Conclusion

With EARL-accredited conventional and digital PET, we found a limited SUV variability with average differences up to 8%. Furthermore, only a limited number of lesions showed a SUV difference of more than 30%. These findings indicate that EARL standardisation works. When EARL-accredited systems with divergent CRCs are used, larger SUV differences can be expected.

Availability of data and materials

The datasets used and/or analysed during the current study are available from the corresponding author on reasonable request.

Ethics approval and consent to participate

Abbreviations

ΔT:

Time between FDG-administration and start of the PET scan

CRC:

Contrast recovery coefficient

CT:

Computed tomography

EANM:

European Association of Nuclear Medicine

EARL:

EANM Research Ltd

FDG:

Fluor-18 fluorodeoxyglucose

MIP:

Maximum intensity projection

OSEM:

Ordered subset expectation maximisation

PET:

Positron emission tomography

PSF:

Point spread function

RC:

Repeatability coefficient

SD:

Standard deviation

SUV:

Standardised uptake value

SUVmax :

Maximum SUV

SUVmean :

Average SUV

SUVpeak :

Peak SUV

TOF:

Time-of-flight

WCV:

Within-subject coefficient of variation

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Acknowledgements

We gratefully acknowledge the staff from Isala, Zwolle and Technical Medicine Center, Enschede, for their overall support and kind collaboration.

Authors’ information

Not applicable.

Funding

This work was supported by a research agreement between the Department of Nuclear Medicine, Isala, and Philips Healthcare regarding new PET technologies.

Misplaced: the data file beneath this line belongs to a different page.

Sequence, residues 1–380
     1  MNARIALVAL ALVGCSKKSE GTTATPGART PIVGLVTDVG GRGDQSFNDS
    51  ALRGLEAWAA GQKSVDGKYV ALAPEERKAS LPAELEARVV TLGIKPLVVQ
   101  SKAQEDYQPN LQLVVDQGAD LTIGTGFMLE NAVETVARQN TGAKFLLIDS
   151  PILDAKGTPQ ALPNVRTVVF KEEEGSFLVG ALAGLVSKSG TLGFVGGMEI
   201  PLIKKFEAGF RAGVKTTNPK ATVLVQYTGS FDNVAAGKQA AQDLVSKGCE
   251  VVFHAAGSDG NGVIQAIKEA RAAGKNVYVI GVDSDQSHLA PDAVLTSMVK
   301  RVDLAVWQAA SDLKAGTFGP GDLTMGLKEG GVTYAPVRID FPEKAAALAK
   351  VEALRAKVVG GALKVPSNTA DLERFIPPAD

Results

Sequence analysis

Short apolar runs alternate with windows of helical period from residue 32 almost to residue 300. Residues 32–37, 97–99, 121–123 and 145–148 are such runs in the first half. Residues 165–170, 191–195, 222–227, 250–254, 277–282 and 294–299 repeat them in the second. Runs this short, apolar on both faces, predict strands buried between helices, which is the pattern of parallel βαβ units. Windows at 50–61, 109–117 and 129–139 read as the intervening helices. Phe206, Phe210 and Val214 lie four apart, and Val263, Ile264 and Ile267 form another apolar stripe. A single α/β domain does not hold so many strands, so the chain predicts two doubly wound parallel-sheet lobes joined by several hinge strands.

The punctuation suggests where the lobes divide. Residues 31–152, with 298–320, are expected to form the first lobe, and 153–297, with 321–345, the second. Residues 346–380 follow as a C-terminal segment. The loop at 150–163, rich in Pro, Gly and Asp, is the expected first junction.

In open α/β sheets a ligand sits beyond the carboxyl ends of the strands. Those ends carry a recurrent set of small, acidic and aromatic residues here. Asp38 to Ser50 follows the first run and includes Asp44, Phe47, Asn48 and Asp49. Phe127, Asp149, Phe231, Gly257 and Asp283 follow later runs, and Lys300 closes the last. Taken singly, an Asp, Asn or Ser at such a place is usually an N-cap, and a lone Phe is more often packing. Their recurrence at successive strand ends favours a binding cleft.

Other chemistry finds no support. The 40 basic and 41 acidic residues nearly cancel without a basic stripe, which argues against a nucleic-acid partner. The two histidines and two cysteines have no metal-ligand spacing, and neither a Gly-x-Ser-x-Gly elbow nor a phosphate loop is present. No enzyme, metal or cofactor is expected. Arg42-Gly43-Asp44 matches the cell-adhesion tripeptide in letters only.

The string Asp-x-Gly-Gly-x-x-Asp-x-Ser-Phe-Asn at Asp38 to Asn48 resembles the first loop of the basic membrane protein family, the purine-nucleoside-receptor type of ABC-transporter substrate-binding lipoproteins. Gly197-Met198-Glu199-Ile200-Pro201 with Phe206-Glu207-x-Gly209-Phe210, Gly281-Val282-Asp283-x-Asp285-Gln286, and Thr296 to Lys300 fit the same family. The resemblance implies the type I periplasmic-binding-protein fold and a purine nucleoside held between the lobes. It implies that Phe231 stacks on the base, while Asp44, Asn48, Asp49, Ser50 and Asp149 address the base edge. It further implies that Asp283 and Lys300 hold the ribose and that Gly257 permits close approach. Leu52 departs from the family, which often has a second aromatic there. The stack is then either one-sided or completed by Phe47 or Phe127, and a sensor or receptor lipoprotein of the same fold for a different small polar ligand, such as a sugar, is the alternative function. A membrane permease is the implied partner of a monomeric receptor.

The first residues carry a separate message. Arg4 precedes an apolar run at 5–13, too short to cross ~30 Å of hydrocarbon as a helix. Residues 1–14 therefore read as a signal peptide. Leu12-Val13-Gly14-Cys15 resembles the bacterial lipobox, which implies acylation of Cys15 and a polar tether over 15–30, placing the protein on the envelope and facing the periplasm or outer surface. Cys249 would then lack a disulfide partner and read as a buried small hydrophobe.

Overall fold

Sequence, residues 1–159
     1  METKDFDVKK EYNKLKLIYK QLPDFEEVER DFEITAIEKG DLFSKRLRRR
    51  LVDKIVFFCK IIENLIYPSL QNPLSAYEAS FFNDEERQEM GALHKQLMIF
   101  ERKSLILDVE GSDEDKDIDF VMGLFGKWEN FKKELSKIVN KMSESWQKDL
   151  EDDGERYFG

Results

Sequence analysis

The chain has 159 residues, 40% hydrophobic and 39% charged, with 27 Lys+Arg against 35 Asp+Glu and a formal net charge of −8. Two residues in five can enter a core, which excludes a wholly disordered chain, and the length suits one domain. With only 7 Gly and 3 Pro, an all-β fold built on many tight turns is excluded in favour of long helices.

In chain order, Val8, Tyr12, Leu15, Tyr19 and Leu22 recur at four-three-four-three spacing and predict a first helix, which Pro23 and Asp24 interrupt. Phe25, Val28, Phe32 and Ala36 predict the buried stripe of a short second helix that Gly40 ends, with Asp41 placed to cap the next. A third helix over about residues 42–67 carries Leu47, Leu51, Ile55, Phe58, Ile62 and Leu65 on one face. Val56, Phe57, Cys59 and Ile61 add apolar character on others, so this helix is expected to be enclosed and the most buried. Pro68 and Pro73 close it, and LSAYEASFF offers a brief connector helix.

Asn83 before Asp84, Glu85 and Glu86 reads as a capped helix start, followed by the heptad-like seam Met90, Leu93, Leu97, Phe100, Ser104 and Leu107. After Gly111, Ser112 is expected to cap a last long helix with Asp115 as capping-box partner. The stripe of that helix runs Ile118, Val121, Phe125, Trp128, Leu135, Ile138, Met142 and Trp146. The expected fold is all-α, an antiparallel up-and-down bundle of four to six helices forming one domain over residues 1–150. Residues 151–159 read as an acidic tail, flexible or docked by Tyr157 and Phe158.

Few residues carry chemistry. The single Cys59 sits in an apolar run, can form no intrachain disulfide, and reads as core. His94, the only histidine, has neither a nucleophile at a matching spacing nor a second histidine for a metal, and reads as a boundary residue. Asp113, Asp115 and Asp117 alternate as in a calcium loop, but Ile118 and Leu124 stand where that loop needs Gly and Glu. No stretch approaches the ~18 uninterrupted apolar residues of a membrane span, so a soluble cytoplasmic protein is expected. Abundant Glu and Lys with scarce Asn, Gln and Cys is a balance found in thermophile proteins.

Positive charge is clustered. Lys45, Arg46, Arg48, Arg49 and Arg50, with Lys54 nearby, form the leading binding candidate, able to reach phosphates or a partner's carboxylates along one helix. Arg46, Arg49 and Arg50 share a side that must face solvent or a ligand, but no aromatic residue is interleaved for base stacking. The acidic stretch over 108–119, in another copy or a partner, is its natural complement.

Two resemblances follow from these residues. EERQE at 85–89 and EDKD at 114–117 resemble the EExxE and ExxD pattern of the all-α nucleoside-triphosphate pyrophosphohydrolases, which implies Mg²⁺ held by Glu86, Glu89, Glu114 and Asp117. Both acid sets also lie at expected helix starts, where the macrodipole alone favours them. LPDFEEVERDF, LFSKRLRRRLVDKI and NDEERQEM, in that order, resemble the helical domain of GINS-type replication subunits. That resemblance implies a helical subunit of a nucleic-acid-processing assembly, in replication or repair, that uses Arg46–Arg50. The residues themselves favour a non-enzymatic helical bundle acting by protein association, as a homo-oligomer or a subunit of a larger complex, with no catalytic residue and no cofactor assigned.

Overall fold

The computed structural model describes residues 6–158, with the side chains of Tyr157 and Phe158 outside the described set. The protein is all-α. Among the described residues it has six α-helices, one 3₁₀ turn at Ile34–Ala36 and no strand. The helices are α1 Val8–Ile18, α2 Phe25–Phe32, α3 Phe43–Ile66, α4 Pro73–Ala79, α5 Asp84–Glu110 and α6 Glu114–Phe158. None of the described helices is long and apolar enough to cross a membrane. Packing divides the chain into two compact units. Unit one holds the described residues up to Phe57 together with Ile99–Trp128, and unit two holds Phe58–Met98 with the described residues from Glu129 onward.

Author information

DK and JvD designed the study. DK performed the quantitative PET evaluation and analysed the data. DK wrote the concept manuscript that was revised by JvD, CS, SK and PJ. All authors approved the final manuscript.

Correspondence to Daniëlle Koopman.

Ethics declarations

Ethics approval and consent to participate

All procedures performed in studies involving human participants were in accordance with the ethical standards of the institutional and/or national research committee and with the 1964 Helsinki declaration and its later amendments or comparable ethical standards. This research involved human participants. We received approval from the Medical Ethical Committee of our institution (Isala, Zwolle) to perform this study (NL52329.075.15). Informed consent was obtained from all individual participants included in the study.

Consent for publication

Not applicable.

Competing interests

This work was supported by a research agreement between the Department of Nuclear Medicine, Isala, and Philips Healthcare regarding new PET technologies. The content of the article was solely the responsibility of the authors. The authors declare that they have no competing interests.

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Koopman, D., Jager, P.L., Slump, C.H. et al. SUV variability in EARL-accredited conventional and digital PET. EJNMMI Res 9, 106 (2019) doi:10.1186/s13550-019-0569-7

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Keywords

  • FDG-PET
  • EARL-accreditation
  • Conventional PET
  • Digital PET
  • Cancer